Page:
The May 2023 deadline for the first FIN074 return is approaching for MLR firms. Here, we provide a run-down of everything these firms need to know about the upcoming requirements.
As of 1 April 2022, HM Treasury implemented the obligation for firms supervised under the Money Laundering, Terrorist Financing and Transfer of Funds (Information on the Payer) Regulations 2017 (MLR) to pay a levy in relation to economic crime and anti-money laundering. With the first payment of said levy looming over MLR firms, some clarity is required on what this levy really means.
Section 53(1) of the Finance Act 2022 requires HM Revenue and Customs (HMRC), the Gambling Commission (GC), and the Financial Conduct Authority (FCA) to collect an economic crime levy (ECL) on behalf of the Treasury. The purpose of the levy is to fund new Government action to tackle money laundering and help deliver the reforms committed to in the 2019 Economic Crime Plan. The Government expects to raise approximately £100 million per year. However, out of the 90,000 entities subject to the MLR, only 4,000 will be subject to the ECL.
What is the Economic Crime Levy?
The ECL is an annual charge that will affect entities supervised under MLR and whose UK revenue exceeds £10,200,000 per year. The levy will be based on total UK revenue and will be charged according to four size bands. The assessment, payment, collection and recovery of the due sums are set out in the Economic Crime (Anti-Money Laundering) Levy Regulations 2022. The amounts for 2023/24 are:
- Small (under £10.2m) = Exempt
- Medium (£10.2m-£36m) = £10,000
- Large (£36m-£1bn) = £36,000
- Very Large (over £1bn) = £250,000
For the purpose of determining the applicable band, eligible revenue consists of all revenue that is reasonably attributable to the firm’s activities within the UK. In practice, entities residing in the UK should deduce any revenues generated by permanent establishments located in foreign jurisdictions (whether branches or affiliated undertakings). Inversely, foreign entities should only report revenues attributable to their permanent establishment (branch or undertaking) operating in the UK.
The ECL will be collected by one of the three collection authorities: FCA, GC, or HMRC.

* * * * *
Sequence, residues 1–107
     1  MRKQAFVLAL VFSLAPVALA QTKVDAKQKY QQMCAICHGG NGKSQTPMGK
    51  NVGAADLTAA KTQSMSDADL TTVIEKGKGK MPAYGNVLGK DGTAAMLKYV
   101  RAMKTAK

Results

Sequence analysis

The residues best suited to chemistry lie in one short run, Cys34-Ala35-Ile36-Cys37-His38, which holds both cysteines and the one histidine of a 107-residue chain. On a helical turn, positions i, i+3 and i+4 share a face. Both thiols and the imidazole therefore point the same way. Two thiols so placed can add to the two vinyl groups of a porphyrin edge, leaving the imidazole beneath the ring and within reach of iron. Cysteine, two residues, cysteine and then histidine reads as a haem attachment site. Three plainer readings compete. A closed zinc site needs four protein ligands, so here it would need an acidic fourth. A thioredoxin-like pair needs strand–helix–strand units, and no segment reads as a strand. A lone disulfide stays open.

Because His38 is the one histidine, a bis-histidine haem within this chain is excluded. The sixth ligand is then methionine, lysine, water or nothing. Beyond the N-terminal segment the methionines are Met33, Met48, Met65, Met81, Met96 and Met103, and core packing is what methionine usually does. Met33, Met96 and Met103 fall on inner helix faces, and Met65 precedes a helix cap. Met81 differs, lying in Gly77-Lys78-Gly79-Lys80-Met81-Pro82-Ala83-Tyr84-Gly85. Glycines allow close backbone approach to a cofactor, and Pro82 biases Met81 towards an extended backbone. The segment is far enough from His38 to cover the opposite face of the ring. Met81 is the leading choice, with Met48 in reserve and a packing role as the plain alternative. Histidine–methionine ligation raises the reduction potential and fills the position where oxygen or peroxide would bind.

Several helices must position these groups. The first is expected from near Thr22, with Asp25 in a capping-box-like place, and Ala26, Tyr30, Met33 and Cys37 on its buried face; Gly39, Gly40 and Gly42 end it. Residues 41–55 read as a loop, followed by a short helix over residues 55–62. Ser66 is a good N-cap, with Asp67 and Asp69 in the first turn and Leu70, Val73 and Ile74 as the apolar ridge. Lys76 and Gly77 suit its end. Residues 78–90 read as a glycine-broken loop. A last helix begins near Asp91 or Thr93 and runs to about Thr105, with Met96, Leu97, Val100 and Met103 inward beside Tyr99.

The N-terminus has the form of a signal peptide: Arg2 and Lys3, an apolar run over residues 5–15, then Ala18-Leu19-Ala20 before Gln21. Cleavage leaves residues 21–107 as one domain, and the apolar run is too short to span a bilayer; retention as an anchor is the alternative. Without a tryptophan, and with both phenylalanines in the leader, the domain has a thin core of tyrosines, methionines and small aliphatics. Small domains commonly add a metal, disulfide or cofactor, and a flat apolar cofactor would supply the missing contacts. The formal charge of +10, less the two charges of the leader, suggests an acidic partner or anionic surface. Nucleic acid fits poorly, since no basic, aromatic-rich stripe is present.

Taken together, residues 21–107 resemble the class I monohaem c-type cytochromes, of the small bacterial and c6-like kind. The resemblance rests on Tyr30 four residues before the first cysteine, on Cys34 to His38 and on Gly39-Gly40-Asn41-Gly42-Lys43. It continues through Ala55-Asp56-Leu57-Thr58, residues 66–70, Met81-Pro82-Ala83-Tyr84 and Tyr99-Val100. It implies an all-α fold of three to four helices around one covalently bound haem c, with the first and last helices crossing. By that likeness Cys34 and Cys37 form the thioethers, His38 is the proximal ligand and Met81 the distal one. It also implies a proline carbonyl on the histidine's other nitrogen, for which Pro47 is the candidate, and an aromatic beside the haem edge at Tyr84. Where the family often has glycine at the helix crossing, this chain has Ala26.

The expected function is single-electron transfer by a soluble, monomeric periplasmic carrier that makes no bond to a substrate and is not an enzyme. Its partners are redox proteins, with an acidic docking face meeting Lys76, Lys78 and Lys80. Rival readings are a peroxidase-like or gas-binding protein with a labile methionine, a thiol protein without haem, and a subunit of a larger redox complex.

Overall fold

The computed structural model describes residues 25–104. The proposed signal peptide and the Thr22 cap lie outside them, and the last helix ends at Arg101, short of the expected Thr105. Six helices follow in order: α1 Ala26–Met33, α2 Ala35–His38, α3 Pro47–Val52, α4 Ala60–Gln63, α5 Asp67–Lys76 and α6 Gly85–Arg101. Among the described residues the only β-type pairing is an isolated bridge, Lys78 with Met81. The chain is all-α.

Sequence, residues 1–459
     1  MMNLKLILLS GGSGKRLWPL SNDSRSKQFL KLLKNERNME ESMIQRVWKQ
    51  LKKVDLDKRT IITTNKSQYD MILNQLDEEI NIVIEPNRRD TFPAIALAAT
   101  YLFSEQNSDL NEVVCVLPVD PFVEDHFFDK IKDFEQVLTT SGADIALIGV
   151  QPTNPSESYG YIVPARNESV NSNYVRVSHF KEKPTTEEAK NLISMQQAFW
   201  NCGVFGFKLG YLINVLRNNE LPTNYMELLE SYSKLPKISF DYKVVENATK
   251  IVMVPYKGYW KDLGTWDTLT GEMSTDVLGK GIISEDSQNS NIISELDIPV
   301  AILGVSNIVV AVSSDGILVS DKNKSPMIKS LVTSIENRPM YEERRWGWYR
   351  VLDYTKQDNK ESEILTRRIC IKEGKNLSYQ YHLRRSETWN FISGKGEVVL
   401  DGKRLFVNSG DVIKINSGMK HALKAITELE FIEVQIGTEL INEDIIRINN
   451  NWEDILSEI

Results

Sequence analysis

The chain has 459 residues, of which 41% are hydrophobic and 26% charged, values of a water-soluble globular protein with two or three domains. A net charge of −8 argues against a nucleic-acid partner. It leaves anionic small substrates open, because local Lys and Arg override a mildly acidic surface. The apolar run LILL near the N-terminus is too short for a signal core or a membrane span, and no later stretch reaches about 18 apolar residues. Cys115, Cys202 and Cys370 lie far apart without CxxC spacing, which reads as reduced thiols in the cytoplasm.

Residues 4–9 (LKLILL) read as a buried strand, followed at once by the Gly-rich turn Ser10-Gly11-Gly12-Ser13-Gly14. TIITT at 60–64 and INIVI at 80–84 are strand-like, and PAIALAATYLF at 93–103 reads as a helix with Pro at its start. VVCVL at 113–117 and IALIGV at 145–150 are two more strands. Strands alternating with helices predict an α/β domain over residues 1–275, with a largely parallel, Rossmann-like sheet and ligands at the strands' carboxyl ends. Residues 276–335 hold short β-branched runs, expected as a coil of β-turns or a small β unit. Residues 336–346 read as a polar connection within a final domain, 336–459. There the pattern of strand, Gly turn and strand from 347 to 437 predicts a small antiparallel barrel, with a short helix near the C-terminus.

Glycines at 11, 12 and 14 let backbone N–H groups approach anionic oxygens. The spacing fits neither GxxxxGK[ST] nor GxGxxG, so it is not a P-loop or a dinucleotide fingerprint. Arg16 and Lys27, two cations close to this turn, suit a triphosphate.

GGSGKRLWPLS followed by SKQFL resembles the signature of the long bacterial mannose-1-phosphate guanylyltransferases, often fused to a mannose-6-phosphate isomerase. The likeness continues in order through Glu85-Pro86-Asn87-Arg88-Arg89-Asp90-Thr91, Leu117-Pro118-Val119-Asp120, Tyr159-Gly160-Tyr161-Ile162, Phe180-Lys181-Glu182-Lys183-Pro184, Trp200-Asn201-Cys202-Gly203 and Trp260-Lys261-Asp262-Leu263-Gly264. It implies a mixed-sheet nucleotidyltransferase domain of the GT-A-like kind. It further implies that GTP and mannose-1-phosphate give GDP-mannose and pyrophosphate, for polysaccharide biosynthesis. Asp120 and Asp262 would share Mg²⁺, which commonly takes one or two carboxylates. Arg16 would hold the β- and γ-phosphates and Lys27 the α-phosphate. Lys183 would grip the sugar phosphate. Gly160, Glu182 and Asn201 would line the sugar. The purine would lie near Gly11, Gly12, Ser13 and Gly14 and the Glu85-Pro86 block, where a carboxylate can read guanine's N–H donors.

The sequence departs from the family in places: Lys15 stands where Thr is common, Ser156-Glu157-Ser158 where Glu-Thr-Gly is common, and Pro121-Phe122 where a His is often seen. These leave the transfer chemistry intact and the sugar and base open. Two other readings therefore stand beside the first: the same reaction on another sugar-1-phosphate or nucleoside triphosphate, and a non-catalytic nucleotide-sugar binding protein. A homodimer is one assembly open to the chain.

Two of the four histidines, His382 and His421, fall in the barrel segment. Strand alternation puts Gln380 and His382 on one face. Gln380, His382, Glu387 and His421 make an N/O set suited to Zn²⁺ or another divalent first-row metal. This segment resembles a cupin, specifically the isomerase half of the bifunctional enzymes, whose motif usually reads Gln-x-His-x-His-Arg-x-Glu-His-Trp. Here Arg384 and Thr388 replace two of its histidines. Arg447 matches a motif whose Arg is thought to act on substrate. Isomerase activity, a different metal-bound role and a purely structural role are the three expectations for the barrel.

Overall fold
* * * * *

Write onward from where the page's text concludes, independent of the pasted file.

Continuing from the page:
Each of those bodies already has responsibility for supervising businesses in certain sectors of the economy for the purposes of preventing money laundering and will be responsible for collecting the levy from them.
Firms will only need to provide information to and pay one collection authority, even if they are supervised by more than one under MLR. If a firm is supervised by the FCA, it must follow the FCA’s ECL process. They must do this even if HMRC also supervises some of their business activities.
It is worth noting that the applicability of this levy is purely based on revenue as opposed to a risk-based approach. Consequently, the level of exposure to financial crime such as money laundering and terrorist financing bears no impact on the amount of levy due. On the other hand, in-scope entities need not identify or differentiate revenues generated by in-scope activities from the remaining sources of income.
The FCA’s response
The FCA set out its position on the ECL in Section 5 of their consultation paper CP22/23:
“Since the ECL is governed entirely through legislation and HM Treasury orders, and not by FCA rules, we are not consulting on it. However, we have been instructed to start collecting the levy from 2023/24”
To keep down the costs of collection, invoicing will be conducted as part of the normal invoicing process and the levy will be an additional line on the invoice.
Furthermore, data will be collected through a new regulatory return (FIN074), accessed through the RegData system. Firms will be asked to submit the return from 1 April 2023 and more details will be communicated in due course.
FIN074 is now an active return on the RegData platform. It is stated that the purpose of this data item is so the FCA can determine which firms are liable to pay the ECL and place them in the correct levy band.
Firms are expected to report all their regulated and non-regulated UK gross revenue, as per the definition set out in section 57 of the Finance Act 2022, from the firm’s financial year that ended in the previous tax year. The total revenue must be reported in single units and GBP; these figures should be audited if possible.
FIN074 is due to be submitted on 2 May 2023. Failure to submit in time may result in a £250 administrative fee.
Where an entity is liable to pay the ECL, the FCA must give prior written notice. The indicated sum will be due after 30 days, after which the FCA may apply a late payment interest equating to 5% over the Bank of England’s based rate.
What do firms need to do?
Internally, firms will need to prepare themselves accordingly for the reporting of their FIN074. It is suggested that firms ensure the following tasks are completed:
- Assess which band they fall within based on a calculation of their UK revenue
- Engage across compliance, finance and treasury functions to ensure that appropriate provisions are made for the payment of the levy
- Be ready to meet the procedural arrangements for collecting the levy
The ECL forms part of a wider public policy on tackling money laundering and terrorist financing in the UK, alongside the suspicious activities reporting reform and increasing resources for the Financial Intelligence Unit. Coupled with the ‘REP CRIM’ returns that are now listed in some firms’ RegData reporting schedule, the latest FIN074 is a further boost in the FCA’s supervisory power. In our view, regulated firms should ensure that they are in a position to demonstrate that their current AML/CTF controls meet the FCA’s expectations in terms of adequacy and proportionality.